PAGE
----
The double-entry bookkeeping system and the tyranny of spreadsheets
If there is one thing I would like my kids to learn from me, it is that one of the greatest, most impactful human inventions of all time is the double-entry bookkeeping system for accounting. If my son or daughter ever throws that term out in class when a teacher is writing a list of inventions on the board, there may be some “ums” and blank stares in the classroom, but I would be very proud.
Tim Harford reminds us of how important the double-entry system is, and of the system’s historical origin, in his essay “The Tyranny of Spreadsheets”:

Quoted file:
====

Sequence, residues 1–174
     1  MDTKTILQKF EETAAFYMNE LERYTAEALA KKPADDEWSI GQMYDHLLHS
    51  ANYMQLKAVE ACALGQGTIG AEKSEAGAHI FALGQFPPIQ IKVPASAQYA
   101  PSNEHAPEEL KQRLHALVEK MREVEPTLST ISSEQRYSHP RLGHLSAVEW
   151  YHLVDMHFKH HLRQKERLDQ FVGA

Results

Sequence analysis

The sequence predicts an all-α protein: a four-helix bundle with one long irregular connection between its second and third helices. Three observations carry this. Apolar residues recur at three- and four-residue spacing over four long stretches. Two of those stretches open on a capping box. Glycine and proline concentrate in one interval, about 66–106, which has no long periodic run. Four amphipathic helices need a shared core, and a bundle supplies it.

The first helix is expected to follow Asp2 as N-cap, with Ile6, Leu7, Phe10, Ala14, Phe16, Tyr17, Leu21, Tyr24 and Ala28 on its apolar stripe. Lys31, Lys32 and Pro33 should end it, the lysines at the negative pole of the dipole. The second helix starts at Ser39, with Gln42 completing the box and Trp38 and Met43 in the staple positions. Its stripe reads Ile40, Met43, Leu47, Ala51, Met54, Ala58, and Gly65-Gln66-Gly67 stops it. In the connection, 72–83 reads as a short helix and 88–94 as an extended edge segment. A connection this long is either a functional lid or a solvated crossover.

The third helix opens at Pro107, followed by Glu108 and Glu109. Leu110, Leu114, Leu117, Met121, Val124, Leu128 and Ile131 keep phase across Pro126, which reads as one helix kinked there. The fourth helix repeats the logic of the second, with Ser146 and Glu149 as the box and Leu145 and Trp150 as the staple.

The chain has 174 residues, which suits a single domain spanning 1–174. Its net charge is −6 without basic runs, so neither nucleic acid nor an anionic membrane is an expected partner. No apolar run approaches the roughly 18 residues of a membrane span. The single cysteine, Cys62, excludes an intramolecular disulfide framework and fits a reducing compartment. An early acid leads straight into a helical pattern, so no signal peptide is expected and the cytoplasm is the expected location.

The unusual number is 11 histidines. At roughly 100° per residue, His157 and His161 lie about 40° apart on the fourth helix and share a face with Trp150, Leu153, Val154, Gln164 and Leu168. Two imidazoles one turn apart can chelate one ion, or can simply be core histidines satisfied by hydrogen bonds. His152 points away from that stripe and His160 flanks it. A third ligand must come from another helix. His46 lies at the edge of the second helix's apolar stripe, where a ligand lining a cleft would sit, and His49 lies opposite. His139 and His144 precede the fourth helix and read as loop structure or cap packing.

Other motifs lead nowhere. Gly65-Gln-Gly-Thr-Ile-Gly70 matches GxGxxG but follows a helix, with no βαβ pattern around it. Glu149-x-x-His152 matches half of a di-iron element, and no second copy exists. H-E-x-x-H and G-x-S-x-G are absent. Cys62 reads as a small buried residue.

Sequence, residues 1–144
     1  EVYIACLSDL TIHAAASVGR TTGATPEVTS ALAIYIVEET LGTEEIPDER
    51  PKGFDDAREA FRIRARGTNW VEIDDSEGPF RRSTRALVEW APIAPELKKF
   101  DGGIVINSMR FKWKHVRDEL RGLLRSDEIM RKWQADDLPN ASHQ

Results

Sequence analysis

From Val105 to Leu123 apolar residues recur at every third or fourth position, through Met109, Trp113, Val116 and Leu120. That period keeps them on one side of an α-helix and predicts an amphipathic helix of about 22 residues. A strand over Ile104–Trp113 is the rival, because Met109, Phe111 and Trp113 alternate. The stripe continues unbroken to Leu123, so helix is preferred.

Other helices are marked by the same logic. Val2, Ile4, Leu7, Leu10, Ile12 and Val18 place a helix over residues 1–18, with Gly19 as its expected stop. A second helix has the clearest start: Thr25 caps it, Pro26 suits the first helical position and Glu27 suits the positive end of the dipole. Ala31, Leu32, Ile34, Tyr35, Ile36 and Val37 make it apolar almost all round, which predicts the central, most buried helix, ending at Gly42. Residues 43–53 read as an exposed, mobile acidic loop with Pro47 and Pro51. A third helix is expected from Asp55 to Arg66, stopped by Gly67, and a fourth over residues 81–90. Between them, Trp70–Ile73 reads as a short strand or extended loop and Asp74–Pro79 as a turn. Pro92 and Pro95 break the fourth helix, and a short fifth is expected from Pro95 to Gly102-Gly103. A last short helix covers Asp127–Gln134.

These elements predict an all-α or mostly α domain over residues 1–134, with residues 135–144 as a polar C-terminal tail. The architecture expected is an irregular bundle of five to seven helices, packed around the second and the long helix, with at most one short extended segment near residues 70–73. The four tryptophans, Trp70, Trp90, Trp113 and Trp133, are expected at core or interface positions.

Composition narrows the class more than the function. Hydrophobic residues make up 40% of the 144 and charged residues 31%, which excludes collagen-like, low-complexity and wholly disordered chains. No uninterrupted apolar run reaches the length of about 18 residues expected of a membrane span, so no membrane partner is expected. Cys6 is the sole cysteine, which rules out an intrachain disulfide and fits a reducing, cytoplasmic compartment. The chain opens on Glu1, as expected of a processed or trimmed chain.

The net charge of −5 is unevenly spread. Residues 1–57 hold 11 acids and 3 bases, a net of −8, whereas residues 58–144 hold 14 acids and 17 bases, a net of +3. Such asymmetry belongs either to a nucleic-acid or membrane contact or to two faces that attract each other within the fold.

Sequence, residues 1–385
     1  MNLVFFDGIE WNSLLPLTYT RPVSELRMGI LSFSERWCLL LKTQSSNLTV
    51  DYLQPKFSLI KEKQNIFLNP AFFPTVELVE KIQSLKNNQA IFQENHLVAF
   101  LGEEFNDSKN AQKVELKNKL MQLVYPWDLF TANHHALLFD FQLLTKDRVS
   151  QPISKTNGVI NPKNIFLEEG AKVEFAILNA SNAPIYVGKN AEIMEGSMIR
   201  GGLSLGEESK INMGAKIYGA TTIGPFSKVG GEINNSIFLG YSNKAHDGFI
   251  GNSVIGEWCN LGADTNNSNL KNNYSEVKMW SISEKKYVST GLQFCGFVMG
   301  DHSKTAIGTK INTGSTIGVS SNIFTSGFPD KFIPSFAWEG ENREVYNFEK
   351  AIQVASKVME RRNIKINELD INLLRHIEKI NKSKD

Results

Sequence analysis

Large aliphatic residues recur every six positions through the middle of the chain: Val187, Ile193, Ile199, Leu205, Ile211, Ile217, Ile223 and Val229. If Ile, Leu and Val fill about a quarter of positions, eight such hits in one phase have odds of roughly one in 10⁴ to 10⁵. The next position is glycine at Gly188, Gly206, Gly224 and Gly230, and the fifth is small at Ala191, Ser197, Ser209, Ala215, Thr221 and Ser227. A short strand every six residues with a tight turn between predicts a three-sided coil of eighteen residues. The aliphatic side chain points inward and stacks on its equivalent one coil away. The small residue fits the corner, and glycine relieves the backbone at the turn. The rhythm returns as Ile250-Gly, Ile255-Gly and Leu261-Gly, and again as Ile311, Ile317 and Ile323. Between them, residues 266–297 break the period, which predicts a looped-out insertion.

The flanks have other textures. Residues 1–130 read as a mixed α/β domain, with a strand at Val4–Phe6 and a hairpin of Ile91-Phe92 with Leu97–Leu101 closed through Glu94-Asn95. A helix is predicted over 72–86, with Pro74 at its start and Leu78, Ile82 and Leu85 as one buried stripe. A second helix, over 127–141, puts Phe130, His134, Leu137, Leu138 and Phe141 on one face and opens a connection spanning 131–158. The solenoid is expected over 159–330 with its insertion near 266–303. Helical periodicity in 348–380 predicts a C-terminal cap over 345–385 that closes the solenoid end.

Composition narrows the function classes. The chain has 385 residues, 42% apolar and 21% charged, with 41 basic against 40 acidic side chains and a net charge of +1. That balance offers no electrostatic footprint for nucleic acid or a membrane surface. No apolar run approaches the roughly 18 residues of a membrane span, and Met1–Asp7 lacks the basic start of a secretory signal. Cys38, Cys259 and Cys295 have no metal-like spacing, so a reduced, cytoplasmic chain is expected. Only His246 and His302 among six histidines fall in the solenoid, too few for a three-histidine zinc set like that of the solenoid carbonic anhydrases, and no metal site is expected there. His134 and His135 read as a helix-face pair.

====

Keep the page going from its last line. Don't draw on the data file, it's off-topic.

In the late 1300s, the need for a solid system for accounts was evident in the outbursts of one man in particular, an Italian textile merchant named Francesco di Marco Datini. Poor Datini was surrounded by fools.
“You cannot see a crow in a bowlful of milk!” he berated one associate. “You could lose your way from your nose to your mouth!” he chided another.
Iris Origo’s vivid book The Merchant of Prato describes Datini’s everyday life and explains his problem: keeping track of everything in a complicated world.
Some of us have always needed to keep track of everything. The knock-on effect of accountancy, going back to antiquity, is that someone wrote down what people owned and traded, what was abundant and what was rare, and even what came from where. Because of that, we have been able to learn the languages and numeric systems people wrote with, and what people valued, how they traded, and much more, in cultures that have long since passed away. It isn’t all because of the double-entry system in particular, but I think it is pretty interesting nonetheless.